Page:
Showing posts with label Technology. Show all posts
Showing posts with label Technology. Show all posts

No. 10 Louisville beats No. 12 Syracuse 58-53

SYRACUSE, N.Y. (AP) — When Louisville coach Rick Pitino threw off his coat, it was game-on.

Miffed by two straight fouls against Luke Hancock when the 10th-ranked Cardinals trailed No. 12 Syracuse by a point with time running out, Pitino stomped on the sidelines as he altered his courtside wardrobe and his team responded with a late spurt for a 58-53 victory Saturday, silencing another huge Carrier Dome crowd.

"We had a couple of real tough calls go against us and veteran teams don't let it bother you," Pitino said. "They dig in. It bothered me, but it didn't bother the players."

Cool under fire despite the two quick fouls, Hancock hit a 3-pointer from the left corner to break a 48-all tie with 50 seconds left as the Cardinals exacted a measure of revenge for a loss to the Orange earlier this season.

"It's big," said Hancock, who hit 4 of 5 from behind the arc for all of his points in the game. "This was like a tournament game. It was that kind of atmosphere. This prepares us well. It definitely gives us confidence going into the end of the season. We want to win out the rest of our games and this was another step."

It was the third straight loss for Syracuse (22-7, 10-6 Big East), which was humbled 57-46 in a loss to No. 7 Georgetown a week ago before a record Carrier Dome crowd of 35,012. That snapped the Orange's 38-game home winning streak, and they were beaten again, 74-71, at No. 22 Marquette on Monday night to drop into a tie in the Big East with Notre Dame behind the league-leading Hoyas, Louisville and Marquette.

Louisville (24-5, 12-4) snapped a three-game losing streak against Syracuse, and the Cardinals did it before a stunned crowd of 31,173. The victory moved Louisville into a tie with Marquette (21-7, 12-4), which beat Notre Dame, one-half game behind the Hoyas (22-4, 12-3), who played later Saturday.

Russ Smith led Louisville with 18 points and Gorgui Dieng finished with 11 points and 14 rebounds as the Cardinals overcame a poor offensive performance by point guard Peyton Siva. Siva failed to score, missing eight 3-pointers, but had four assists and no turnovers.

C.J. Fair had 19 points to lead the Orange, James Southerland added 13 and point guard Michael Carter-Williams 11.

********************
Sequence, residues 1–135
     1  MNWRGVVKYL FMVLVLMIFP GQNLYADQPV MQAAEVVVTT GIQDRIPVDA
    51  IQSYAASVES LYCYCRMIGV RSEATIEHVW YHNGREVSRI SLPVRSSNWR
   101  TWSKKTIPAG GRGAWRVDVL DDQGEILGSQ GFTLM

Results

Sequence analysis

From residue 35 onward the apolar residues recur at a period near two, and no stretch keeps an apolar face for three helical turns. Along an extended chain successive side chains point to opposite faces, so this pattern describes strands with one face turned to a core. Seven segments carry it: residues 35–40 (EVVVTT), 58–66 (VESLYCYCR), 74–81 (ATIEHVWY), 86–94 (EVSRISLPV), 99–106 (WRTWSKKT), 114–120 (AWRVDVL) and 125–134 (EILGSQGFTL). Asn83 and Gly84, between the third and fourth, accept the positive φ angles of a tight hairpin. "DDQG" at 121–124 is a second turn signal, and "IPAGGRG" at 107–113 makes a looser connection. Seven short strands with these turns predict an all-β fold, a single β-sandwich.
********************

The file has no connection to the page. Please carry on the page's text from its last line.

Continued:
Syracuse, which trailed 23-19 at halftime, its fewest points in a first half this season, outrebounded Louisville 41-36 but was victimized by eight 3s and shot poorly again (20 of 56 for 35.7 percent). Senior guard Brandon Triche, one of the heroes in the win over Louisville in mid-January with 23 points, had just eight on this day, going 2 for 11 from the field and missing all three of his tries from long range. Syracuse's starting guards finished 5 of 21 overall and 1 of 7 on 3-pointers, while Triche had a game-high seven turnovers.

"We can't have him (Triche) play this way," Syracuse coach Jim Boeheim said. "He works his tail off. He's a good teammate. He wants to win, but I don't like the way he's playing right now. I don't like the way we're playing. We need to get something offensively."

After Hancock swished a straight-on 3 for Louisville, Fair hit a spinning layup as Dieng fouled him but missed the free throw and Syracuse trailed 41-40 with 7:34 to go.

Louisville began to press and the strategy paid off with two straight turnovers. Southerland lost the ball off the dribble and Triche mishandled an inbounds pass. The Cardinals took advantage as Dieng sank two free throws and Hancock hit a 3 from the wing for a 47-40 lead at 5:35, the biggest edge by either team in the game.

Carter-Williams scored six straight points in a span of just over a minute to rally the Orange, hitting four free throws and a shot off the glass as Syracuse trailed 47-46 with 4:27 left. Fair's baseline jumper gave Syracuse the lead and Smith's free throw tied it at 48-all with 1:39 to go.

After Triche missed a baseline layup against Dieng, Hancock stole Triche's ensuing inbounds pass and Hancock drained his fourth 3 off a slick pass to the corner from Smith to break the tie. Smith then hit two free throws and Triche's turnover sealed the Orange's fate as the Cardinals hit 7 of 8 free throws in the final seconds.

"We had the lead. We just lost it at the end," Southerland said. "We just have to have the mentality that when we have the ball, we're not going to lose it. Unfortunately, we had some tough turnovers at the end of the game that definitely changed the outcome.